How to represent relationships, when there may be 1 <-> thousands

Jeremiah Peschka jeremiah.peschka at gmail.com
Sun Feb 5 12:37:48 EST 2012


For everyone only familiar with the Cambodian Rural Development Team, here is a link to a GitHub CRDT project: https://github.com/ericmoritz/crdt

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Jeremiah Peschka, MVP
Managing Director, Brent Ozar PLF, LLC

On Feb 5, 2012, at 9:33 AM, Sean Cribbs <sean at basho.com> wrote:

> Hi Nico,
> 
> Links are great when small in number, but run into issues when more numerous, including HTTP header size limitations, plus the extra storage overhead of bucket+key+tag on disk. I recommend using secondary indexes for this problem, but you will need to be using the LevelDB storage engine.
> 
> Another possibility is to use an OR-set (CRDT) in a secondary key, as you suggest. The difference between an OR-set and a flat list is that the former will converge easily when there are conflicts. 
> 
> Sean Cribbs
> 
> On Feb 5, 2012, at 7:36 AM, Nicolas Petton <petton.nicolas at gmail.com> wrote:
> 
>> Hi!
>> 
>> We're working on a replacement of the old Smalltalk project hosting
>> website http://squeaksource.com/
>> 
>> For this app we'd like to use Riak, using the Smalltalk client
>> http://www.squeaksource.com/Phriak
>> 
>> You can think of SqueakSource as a Github-like app specific to Smalltalk
>> code. 
>> 
>> Now, my problem is we have a following/followers feature in the new app:
>> users can follow projects.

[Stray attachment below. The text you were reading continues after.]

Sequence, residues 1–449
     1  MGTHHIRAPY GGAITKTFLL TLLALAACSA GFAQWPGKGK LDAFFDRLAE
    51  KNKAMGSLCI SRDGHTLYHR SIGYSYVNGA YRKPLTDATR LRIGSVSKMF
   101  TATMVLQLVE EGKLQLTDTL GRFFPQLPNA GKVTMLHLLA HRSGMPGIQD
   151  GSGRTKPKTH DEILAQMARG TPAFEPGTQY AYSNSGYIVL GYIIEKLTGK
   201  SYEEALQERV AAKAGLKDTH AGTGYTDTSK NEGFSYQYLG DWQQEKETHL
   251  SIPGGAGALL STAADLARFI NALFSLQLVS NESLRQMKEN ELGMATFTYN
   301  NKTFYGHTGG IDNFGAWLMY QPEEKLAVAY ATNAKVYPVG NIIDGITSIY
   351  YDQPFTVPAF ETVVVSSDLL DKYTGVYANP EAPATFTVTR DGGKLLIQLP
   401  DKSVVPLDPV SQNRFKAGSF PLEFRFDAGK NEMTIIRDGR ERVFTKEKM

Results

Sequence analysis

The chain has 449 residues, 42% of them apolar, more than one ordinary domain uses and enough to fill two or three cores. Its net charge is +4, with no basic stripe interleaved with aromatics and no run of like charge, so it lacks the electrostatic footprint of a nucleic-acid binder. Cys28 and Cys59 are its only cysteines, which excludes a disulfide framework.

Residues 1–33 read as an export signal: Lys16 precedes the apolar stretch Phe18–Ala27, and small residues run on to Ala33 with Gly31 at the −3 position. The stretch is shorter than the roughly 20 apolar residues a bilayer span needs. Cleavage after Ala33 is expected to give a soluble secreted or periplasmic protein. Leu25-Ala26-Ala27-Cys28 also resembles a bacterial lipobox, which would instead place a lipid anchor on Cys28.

>> Some projects may have thousands of followers. We need to be able to get
>> followers of a projects *and* projects followed by an user quickly.
>> 
>> Typically, an user will follow a few projects, so this part is easily
>> solved with links. It becomes more complicated when it comes to getting
>> all users following a specific project, since it can be thousands, using
>> links looks like a bad idea.
>> 
>> I thought of the following solution, but I may be completely off the
>> tracks:
>> 
>> - users have links to projects they follow. 
>> - projects don't have links to the users following them, but a link to
>> 'following/projectKey'. This object represents the relationship itself,
>> and contains the list of the names of users following the project in a
>> JSON array.
>> 
>> This means following a project represents 2 writes, the user with the
>> link, and the 'following object'.
>> 
>> Does that seem reasonable?
>> 
>> Thanks,
>> Nico
>> 
>> 
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> 
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